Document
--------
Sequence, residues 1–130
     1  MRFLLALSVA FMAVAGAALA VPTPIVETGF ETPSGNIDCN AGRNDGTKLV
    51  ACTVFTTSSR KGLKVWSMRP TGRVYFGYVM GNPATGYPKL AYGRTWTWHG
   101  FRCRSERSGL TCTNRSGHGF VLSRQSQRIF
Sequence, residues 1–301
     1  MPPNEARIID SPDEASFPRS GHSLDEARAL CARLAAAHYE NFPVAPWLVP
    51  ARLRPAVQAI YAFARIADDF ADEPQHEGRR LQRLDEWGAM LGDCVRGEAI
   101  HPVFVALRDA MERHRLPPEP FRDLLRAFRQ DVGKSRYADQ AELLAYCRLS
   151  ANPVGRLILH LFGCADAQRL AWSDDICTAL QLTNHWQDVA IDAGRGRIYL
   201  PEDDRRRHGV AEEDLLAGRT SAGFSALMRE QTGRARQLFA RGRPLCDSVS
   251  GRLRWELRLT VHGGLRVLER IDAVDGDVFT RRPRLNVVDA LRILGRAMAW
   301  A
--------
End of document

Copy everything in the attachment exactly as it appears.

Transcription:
Sequence, residues 1–130
     1  MRFLLALSVA FMAVAGAALA VPTPIVETGF ETPSGNIDCN AGRNDGTKLV
    51  ACTVFTTSSR KGLKVWSMRP TGRVYFGYVM GNPATGYPKL AYGRTWTWHG
   101  FRCRSERSGL TCTNRSGHGF VLSRQSQRIF
Sequence, residues 1–301
     1  MPPNEARIID SPDEASFPRS GHSLDEARAL CARLAAAHYE NFPVAPWLVP
    51  ARLRPAVQAI YAFARIADDF ADEPQHEGRR LQRLDEWGAM LGDCVRGEAI
   101  HPVFVALRDA MERHRLPPEP FRDLLRAFRQ DVGKSRYADQ AELLAYCRLS
   151  ANPVGRLILH LFGCADAQRL AWSDDICTAL QLTNHWQDVA IDAGRGRIYL
   201  PEDDRRRHGV AEEDLLAGRT SAGFSALMRE QTGRARQLFA RGRPLCDSVS
   251  GRLRWELRLT VHGGLRVLER IDAVDGDVFT RRPRLNVVDA LRILGRAMAW
   301  A